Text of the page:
Is It Time Yet To Redefine Medical Education?

The ins and outs of medical education are hard to imagine as an outsider to the field. However, once you are in it, it’s a rabbit hole with not escape.

Even as a lowly first year medical student, I am often embroiled in engaging articles or scintillating conversations about the state of medical education. What have we done that has worked well in the past? Is it working at its optimal capacity right now? What kind of scope do we have to improve it for our future generations of doctors?

From the times of apprenticeship as the primary way of learning the art of medicine to the current paradigms of systematized education by the 2+2 model (2 years of basic science education followed by 2 years of clinical education), we have definitely come a long way. However, like everything in the world, the new establishment comes with its own set of drawbacks.

While I am engaged in the day and night struggle to ingrain those molecular biomarkers of immunology or those atypical antipsychotics commonly prescribed for schizophrenia, the context of it all often seems out of reach. I constantly question myself: How does this all apply to a patient? This imagination process is often unfortunately left to the individual student, pending future patient contact in 2 years time.

So what can really be done to improve the current setup so as to produce better doctors who can deliver more effective care while keeping up with the persistent development of knowledge in the field? As you listen to Lawrence Sherman in the one of the best TED Talks below, keep some key points in the back of your mind: the value of early hands-on clinical education in an emergency setting as a springboard for future practice, including the patient from day one each step of the way in the process, and promoting a collaborative, interdisciplinary approach to the delivery of medicine as a whole.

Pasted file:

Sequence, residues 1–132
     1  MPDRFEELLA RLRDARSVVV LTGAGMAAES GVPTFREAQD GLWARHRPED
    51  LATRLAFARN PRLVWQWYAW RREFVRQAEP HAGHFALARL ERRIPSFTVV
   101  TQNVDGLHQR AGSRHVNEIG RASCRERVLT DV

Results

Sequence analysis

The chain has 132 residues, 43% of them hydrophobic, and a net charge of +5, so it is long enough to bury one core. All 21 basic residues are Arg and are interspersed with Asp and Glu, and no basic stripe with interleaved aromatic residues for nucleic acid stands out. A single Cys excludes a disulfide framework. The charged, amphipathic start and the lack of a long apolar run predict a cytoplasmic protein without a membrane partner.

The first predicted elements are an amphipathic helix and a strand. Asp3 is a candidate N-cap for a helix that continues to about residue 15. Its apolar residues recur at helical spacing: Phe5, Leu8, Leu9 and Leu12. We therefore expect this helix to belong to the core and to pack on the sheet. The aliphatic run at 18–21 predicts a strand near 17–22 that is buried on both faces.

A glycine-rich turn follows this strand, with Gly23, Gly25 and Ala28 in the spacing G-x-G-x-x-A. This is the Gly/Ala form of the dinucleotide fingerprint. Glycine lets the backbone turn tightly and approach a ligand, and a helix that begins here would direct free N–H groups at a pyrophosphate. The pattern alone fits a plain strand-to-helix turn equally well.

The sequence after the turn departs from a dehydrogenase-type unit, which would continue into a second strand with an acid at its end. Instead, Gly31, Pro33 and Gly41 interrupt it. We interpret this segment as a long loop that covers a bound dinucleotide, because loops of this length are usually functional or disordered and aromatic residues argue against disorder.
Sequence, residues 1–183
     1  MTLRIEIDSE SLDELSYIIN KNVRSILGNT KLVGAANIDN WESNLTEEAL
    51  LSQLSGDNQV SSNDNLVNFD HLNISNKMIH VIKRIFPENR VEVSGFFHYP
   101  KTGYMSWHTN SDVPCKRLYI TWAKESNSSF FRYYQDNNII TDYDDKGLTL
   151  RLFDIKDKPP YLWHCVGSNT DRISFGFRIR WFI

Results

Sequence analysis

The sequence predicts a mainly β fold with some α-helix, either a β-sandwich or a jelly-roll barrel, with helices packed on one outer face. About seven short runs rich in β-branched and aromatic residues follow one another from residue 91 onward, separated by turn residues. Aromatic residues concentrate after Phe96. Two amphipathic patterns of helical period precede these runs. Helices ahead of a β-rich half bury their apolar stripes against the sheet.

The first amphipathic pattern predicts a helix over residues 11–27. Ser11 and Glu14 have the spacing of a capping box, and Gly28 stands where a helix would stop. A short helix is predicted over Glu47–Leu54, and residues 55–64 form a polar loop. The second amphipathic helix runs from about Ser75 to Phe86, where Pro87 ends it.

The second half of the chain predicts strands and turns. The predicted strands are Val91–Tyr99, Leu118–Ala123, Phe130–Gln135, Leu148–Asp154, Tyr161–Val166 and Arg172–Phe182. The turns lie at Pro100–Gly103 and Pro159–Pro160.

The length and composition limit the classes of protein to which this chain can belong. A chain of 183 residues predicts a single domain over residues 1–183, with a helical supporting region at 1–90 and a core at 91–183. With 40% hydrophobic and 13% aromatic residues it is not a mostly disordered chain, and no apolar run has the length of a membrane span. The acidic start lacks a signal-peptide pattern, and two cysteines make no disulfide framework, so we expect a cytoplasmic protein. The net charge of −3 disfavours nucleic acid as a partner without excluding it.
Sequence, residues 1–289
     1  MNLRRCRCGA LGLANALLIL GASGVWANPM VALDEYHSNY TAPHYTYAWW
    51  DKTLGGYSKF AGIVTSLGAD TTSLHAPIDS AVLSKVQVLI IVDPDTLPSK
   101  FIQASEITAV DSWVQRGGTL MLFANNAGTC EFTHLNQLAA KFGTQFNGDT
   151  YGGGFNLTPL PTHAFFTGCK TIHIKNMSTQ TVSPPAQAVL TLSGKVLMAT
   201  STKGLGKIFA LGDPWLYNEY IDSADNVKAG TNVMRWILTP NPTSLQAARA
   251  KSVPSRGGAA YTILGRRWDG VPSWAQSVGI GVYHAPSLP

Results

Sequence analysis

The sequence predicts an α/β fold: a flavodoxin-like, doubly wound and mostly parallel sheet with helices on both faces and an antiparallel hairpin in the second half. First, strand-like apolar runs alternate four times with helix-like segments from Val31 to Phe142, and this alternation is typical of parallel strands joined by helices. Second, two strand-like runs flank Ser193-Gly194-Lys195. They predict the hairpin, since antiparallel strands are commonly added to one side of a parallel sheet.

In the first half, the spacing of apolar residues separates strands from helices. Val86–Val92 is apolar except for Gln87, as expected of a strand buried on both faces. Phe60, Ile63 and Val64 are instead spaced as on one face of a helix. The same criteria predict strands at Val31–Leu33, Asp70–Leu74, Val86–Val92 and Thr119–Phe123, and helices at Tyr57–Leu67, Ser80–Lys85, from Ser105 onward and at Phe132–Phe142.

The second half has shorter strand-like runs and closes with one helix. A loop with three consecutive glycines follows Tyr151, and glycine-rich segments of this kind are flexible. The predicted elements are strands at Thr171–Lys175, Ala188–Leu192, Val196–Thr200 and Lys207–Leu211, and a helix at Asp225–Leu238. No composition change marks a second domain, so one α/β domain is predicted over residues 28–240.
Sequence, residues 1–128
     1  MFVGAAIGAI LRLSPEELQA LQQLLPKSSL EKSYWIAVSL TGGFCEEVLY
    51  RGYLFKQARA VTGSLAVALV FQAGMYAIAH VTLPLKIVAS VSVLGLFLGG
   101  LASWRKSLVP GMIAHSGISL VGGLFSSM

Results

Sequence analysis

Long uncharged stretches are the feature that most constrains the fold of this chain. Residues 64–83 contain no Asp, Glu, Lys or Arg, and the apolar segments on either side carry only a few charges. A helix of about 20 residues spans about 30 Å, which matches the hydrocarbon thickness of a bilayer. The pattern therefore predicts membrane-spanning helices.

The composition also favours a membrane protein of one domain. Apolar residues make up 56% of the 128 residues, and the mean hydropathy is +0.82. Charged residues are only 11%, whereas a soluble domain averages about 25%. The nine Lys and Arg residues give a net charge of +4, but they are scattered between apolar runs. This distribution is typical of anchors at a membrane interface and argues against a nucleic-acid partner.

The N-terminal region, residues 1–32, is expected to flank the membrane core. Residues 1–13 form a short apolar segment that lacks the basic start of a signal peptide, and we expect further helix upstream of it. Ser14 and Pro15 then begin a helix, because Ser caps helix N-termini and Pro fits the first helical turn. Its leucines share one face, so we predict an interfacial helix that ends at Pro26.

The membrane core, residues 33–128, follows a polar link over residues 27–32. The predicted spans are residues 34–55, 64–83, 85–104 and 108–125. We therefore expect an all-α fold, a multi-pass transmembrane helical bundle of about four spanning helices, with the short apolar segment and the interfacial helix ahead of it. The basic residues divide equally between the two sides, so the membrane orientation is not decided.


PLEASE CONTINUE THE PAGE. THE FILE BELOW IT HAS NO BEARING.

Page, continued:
Even with this potential new model, there are definite drawbacks that we will encounter along the way. Nevertheless, it is a model worthy of discussion.

How much does our medical education system need innovation? Share your thoughts! If you want to learn more, read more on how much medical education is actually necessary.

 

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Yash Pandya

Yash Pandya is a science writer at The "Almost" Doctor's Channel. He is a rising third-year student at the University of Pittsburgh, majoring in Emergency Medicine with minors in Neuroscience and Chemistry. Yash plans on attending the University of Pittsburgh School of Medicine in Fall 2016 with guaranteed admission. In addition to the usual humdrum of academic involvement, Yash loves to play Ping Pong, catch up on the latest "Big Bang Theory," and travel. Having lived in India for half his lifetime, Yash aspires to expand his horizons into international healthcare by practicing medicine globally.

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